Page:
Work Team Analysis
Work Team Analysis
At work I am part of the Incident Debriefing Team. We meet after any incident to watch any video that may have been taken, read incident reports from those involved and then try to figure out anything that could have been improved on. Our team is comprised up of Incident Response Team members (me) from each shift along with representatives from administration, medical services, and if at all possible our legal team.
When this team was first formed it was just administration members and at times senior management who conducted the debriefing. These same people would then put out there findings on how the responders were to act in another similar situation. This system did not work as it caused rifts between response teams and management. The response teams felt that they assumed all the risk, made split second decisions that were judged by those who have never had to be in that position. While we all agree that a debriefing team was a solid plan we did not agree on who was currently on it. The idea to have responders and medical service representatives on the team was well received.
The revamping of the team members brought all the different classifications of work groups’ ideas to the table. It also allowed for more clear answers to those affected by the decisions made in the team meetings, as it could be disseminated between those at the meeting and their co-workers as well as the official memos that came out at the administration level. I could relate to any questions from my co-workers better than an upper level manager who did not even work on site.
There are risks in a group such as this. Generally in our environment there is always a strong feeling of tension between the different work classifications. Security wanted safety all around at all costs, but administration looked at cost of implementing security changes. Those involved in treatment settings generally did not understand the security concerns while security was not willing to sacrifice safety for say a more lax treatment module. In the first several meetings of this team there was little accomplished.
Most of the allotted time was spent bickering among the sub groups. Time was also a factor. We are a twenty four hour operation therefore all the parties needed at the meeting are never in the facility at the same time. To get the needed personnel to the meetings, overtime had to be paid, and schedules changed. This also creates tension as the meetings were generally held at 10:00am, when the administration was on site, but two thirds of the team was at home, some of which sleeping from the night shift.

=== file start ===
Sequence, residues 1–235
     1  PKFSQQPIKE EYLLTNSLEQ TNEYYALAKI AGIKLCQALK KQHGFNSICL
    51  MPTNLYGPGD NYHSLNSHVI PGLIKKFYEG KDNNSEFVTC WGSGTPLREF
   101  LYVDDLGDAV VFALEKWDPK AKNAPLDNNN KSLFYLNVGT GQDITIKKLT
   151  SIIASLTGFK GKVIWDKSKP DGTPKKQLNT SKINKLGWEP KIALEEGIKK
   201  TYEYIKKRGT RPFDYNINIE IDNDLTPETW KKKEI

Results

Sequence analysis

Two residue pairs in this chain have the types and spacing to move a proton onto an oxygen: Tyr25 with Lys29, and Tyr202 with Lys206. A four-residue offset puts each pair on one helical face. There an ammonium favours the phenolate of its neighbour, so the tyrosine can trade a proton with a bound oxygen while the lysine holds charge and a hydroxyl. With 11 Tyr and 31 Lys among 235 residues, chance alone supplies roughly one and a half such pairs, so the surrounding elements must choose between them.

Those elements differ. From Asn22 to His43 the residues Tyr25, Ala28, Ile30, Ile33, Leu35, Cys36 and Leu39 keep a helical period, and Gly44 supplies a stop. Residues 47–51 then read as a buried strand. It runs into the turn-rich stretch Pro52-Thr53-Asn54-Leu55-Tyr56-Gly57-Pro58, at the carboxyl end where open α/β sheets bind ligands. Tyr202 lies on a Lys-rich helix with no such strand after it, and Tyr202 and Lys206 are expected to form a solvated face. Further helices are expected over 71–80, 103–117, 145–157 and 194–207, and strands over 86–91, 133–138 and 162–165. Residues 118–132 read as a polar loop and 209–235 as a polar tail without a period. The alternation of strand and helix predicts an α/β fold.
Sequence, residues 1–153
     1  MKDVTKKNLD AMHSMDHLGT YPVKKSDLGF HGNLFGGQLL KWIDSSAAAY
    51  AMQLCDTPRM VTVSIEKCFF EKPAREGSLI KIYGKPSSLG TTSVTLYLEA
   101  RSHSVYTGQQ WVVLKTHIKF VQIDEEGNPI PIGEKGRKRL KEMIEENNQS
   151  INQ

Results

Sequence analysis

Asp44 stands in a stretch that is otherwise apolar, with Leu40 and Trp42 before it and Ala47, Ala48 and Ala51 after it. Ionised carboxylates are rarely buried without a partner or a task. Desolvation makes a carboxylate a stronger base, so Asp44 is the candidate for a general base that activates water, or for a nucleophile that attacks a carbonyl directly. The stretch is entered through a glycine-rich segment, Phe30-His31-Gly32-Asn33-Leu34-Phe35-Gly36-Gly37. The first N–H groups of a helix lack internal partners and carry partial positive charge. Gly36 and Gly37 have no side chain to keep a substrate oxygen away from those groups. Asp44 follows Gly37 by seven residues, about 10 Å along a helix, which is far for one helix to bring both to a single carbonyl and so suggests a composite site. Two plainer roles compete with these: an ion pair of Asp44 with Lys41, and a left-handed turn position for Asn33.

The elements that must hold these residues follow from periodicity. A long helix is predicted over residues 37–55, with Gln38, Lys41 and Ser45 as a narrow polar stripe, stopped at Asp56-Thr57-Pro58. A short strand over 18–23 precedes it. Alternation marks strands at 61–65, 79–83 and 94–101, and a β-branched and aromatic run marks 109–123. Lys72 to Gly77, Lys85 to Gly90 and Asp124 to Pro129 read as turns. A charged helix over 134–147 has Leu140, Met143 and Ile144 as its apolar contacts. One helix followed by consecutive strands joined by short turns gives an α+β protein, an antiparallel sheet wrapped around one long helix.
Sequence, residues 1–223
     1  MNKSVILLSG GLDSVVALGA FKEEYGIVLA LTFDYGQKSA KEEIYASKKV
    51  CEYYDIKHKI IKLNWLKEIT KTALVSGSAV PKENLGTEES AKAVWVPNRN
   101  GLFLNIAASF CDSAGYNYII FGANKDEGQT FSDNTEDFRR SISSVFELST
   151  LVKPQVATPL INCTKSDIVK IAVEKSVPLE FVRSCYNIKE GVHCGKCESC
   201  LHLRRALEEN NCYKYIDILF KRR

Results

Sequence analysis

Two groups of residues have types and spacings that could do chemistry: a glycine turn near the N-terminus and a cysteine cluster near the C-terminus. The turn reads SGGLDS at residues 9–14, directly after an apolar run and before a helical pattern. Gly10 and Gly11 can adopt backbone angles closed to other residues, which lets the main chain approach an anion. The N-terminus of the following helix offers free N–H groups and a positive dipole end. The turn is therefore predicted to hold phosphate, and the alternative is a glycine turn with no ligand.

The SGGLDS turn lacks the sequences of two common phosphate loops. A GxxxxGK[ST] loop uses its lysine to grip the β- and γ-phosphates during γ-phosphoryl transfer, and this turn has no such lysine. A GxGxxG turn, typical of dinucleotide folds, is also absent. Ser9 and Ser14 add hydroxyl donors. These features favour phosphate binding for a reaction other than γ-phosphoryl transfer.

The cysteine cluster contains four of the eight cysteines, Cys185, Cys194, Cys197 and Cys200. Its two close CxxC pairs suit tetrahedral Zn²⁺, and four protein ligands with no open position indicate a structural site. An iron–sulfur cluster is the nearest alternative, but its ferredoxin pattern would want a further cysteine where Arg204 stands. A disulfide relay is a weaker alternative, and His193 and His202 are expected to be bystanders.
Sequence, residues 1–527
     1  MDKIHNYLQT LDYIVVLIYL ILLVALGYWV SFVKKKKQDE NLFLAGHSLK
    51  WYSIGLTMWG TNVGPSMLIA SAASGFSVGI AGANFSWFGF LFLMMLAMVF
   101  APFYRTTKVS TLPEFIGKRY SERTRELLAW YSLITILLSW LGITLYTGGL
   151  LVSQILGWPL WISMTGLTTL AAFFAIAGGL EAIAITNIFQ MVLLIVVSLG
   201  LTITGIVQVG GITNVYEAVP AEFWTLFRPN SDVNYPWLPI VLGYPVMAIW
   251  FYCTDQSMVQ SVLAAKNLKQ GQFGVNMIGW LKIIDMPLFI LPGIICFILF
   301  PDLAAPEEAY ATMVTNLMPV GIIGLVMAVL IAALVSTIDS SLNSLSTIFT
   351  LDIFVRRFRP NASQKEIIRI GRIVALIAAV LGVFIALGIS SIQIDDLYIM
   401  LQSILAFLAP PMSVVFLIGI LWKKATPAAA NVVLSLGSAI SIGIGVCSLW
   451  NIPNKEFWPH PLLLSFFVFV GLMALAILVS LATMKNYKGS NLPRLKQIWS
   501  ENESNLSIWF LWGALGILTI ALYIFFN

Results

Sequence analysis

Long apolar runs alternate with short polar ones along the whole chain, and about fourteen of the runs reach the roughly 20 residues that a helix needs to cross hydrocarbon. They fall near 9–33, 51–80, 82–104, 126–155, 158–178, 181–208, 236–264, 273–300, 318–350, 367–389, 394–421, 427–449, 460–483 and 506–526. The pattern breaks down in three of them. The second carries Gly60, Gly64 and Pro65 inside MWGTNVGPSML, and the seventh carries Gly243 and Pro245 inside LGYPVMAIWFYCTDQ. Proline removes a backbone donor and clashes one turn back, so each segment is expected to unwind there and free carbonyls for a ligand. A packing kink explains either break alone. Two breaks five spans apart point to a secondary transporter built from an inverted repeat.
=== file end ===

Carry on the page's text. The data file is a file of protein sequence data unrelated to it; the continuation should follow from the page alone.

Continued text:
All of these issues were brought to light in the first few team meetings. Eventually agreements were made to have the meetings held during the shift that the incident took place. This spread some of the schedule changing around to all involved. Along with other subtle changes in the team’s understanding in the value of each other’s opinions and expertise the team began to put out solid memos with well thought out policy changes when they were needed. It took several months for the majority of the staff to recognize that the team was fulfilling a long needed voice of reason after an incident. The training that came of the teams suggestions has been well received and helped reduce injuries in critical incidents. The response teams now feel that they have a voice in the policies that affect them, and their team’s safety.
Our team works in a very stressful and emotionally charged atmosphere. To do our job it takes a special personality type which has been called the Type A personality. Having these strong personalities at all levels helps our organization work, but in the team, it creates conflict, which can be very hard to resolve. Having a strong leader who can recognize the beginnings of a conflict situation and help resolve it is critical. As the article states another concern for groups is that the leader may not “have the skills to use differences within groups to make good synergic decisions that are owned by all involved” (Broom and Casison, 2002).
Having effective team leaders is essential to the success of the team. Our team leader is good, and does affair job but even he realizes that he needs to work on getting everyone in the team to own the decisions put out by the team. Not everyone in the group is going to be completely sold on every aspect of the decision but he/she needs to understand that the other views are sometimes better than their own. A leader who can get a team to recognize that is going to have the most success.
University/College: University of California
Type of paper: Thesis/Dissertation Chapter
Date: 17 December 2016
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